A dress like a cutout piece of blue sky. A horse's transference of weight from left to right. A man's reflected silhouette in a pool of water that reads like a constellation of stars hanging in the night sky. Acidic pistachio green dusted rocks in a photochrome image to which I am loyal like a shaggy-coated wolfhound. A torso banded black and white. A hand in the long grass. A brief music interlude. The rich saturated colour palette of a glass slide. The effect of synesthesia as we cross the windy plains and wrap our coats tighter. All ends as it begins, with sea lions by a rockpool. The complete and beautiful sensory immersion unfolding at perfect pace, my eye given the chance to skate around the frame, taking in every grassy tuft and lichen covered rock. A favourite, for sure.
Film 37: TRESPASSING BERGMAN (D. Hynek Pallas, Jane Magnusson)
On Fårö Island, tiptoeing through Ingmar Bergman's personal library with Michael Haneke, Alejandro González Iñárritu, and Claire Denis. Curiosities I wouldn't normally revel in are indulged.
Film 38: CONCRETE NIGHT (Betoniyö) (D. Pirjo Honkasalo)
The beauty of the black and white palette throws into sharp relief the form. Highlights pierce the eyes, and against those dark velvety hues, feathers and dust particles hang in the air. The steamy reflected view feels subterranean. Yes, were it not for the chill and desperation of it all, I'd stay in this ghetto in Helsinki an unstated length of time. The restrained script gave me time to revel in the light and creep in the shadows, and note a tiny rabbit in the urban jungle of waste as I took refuge in the salvation of music (in a soundscape created by Frid + Frid). In the end, if "you have to choose a face," I choose this one.
(Adding Pirkko Saisio's novel of the same name to my to-read-post-MIFF list.)
Film 39: OUR SUNHI (Uri Sunhi) (D. Hong Sang-soo)
What can I say? It made the vegetarian in me long for a serve of fried chicken washed down with a beer. Or three. The end.
Film 40: TITLI (D. Kanu Behl)
There are some fillers in one's MIFF timetable that pay off, but sadly this was not one of them.
Film 41: TOMORROW WE DISAPPEAR (D. Jimmy Goldblum, Adam Weber)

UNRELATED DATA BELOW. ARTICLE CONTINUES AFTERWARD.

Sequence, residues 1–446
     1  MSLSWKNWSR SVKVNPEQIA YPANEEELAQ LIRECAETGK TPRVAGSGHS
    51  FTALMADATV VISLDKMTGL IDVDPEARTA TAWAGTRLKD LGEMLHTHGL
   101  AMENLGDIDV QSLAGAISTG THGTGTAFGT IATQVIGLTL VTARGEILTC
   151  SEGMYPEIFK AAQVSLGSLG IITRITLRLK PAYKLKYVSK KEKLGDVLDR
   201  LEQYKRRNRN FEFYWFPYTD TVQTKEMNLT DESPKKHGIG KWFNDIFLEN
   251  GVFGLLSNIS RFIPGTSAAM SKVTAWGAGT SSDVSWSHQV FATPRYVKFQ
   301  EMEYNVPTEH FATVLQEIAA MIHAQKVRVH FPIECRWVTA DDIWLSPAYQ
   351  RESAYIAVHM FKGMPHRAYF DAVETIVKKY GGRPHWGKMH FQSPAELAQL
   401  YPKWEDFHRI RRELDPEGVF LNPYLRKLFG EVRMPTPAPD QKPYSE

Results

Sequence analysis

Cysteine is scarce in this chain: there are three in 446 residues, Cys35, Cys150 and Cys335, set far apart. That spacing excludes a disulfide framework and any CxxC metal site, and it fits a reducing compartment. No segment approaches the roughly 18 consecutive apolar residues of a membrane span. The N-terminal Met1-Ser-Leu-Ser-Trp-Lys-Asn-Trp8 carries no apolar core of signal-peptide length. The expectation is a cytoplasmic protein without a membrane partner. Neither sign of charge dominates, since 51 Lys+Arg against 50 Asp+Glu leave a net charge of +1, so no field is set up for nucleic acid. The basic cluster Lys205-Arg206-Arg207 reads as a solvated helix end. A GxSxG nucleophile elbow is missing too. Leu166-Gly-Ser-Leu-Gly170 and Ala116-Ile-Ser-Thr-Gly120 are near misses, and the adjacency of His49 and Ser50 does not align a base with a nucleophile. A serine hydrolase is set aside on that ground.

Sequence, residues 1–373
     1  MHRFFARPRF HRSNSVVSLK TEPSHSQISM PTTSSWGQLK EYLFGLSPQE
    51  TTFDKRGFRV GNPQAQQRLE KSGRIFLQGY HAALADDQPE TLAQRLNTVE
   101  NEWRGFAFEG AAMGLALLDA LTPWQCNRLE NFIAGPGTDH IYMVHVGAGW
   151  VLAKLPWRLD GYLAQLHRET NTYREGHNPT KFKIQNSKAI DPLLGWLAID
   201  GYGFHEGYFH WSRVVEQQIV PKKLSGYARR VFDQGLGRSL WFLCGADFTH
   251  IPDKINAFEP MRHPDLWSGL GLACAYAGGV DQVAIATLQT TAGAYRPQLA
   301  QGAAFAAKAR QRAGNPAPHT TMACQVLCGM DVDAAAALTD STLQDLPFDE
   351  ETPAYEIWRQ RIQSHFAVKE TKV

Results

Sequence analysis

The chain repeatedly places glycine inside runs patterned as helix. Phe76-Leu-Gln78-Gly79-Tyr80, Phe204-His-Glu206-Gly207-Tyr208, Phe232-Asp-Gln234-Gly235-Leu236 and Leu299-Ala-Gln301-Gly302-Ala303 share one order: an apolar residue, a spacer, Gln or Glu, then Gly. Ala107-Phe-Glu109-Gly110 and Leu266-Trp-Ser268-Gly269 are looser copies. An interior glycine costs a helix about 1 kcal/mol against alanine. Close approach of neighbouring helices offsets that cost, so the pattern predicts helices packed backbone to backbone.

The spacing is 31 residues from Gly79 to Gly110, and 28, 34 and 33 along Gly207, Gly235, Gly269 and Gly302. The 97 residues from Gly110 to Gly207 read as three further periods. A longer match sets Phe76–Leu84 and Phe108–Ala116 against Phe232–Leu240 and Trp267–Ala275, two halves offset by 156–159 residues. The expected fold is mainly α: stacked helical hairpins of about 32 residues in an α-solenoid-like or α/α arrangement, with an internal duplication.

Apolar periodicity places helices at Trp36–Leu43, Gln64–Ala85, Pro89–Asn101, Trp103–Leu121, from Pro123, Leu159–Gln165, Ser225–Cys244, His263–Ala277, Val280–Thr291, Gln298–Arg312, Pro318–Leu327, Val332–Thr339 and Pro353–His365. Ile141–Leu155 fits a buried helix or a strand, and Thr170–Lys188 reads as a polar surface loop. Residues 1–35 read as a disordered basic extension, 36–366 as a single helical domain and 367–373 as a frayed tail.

(After Titli) my balance on a tightrope found and faith restored in New Delhi's Kathputli Artist Colony of puppeteers, acrobats and like-minded souls. A sadly beautiful full stop to yesterday's five-film day.
Film 42: AUNT HILDA! (D. Jacques-Rémy Girerd, Benoît Chieux)
A French animation highlighting greed and our lust and consequent abuse of power through a tale about genetically modified food and the consequences of interfering with nature oddly serves as my MIFF coffee-bean-palette-cleanse and proves a colour-drenched, hand-drawn delight. Replete with a chainsaw, talking plants, the buzz-buzz of bees, a doughy skin massage roll, a humorous breast slam (who knew?), and playful credits thanking the many hands involved in bringing it all to loud electric fruition.
Film 43: QUEEN & COUNTRY (D. John Boorman)
On the homeward dash, film 43 grants Vivaldi's Four Seasons another airing as a stolen clock chimes under the armpit in Hope and Glory (1987) part II. Rowboat at the ready, tonight I'll sleep on Pharaoh's Island.
Film 44: NE ME QUITTE PAS (D. Sabine Lubbe Bakker, Niels van Koevorden)
And now we are in rural Belgium, soaked in depression and rum, with Marcel and Bob (and Louis the Cat). It is both comic and sobering, negotiating this drunken haze, with a tender friendship at its core, and some rather forlorn flowers in a vase.
Film 45: FISH & CAT (D. Shahram Mokri)
One unblinking eye, several threads of fractured repetition to play with, lakeside near the Caspian Sea. The documentary seen beforehand, Ne Me Quitte Pas, opened with a quote from Beckett, and still he is our guide, it seems, with shades of Waiting for Godot as we restlessly wind in circles. The ambition of a single continuous take; the score by Christophe Rezai with its piercing knife sounds and loaded menace in perfect timing with the footfall of a man or is that a hunter; the reduced palette of dark red, bleached khaki, and dirty silvered sky; it all works like a magnet in what Shahram Mokri describes as "a film about time". Opening with a story of a restaurant in a remote location that serves human flesh, being a backseat flâneur in Fish & Cat is something else entirely.
+ One of the MIFF 2014 orphans makes ironing more than a little tricky
* It appears that in the glorious haze that is MIFF 2014, I have (again!) doubled up my numbers and have two different films listed as film 34. The total number of films here should read 47.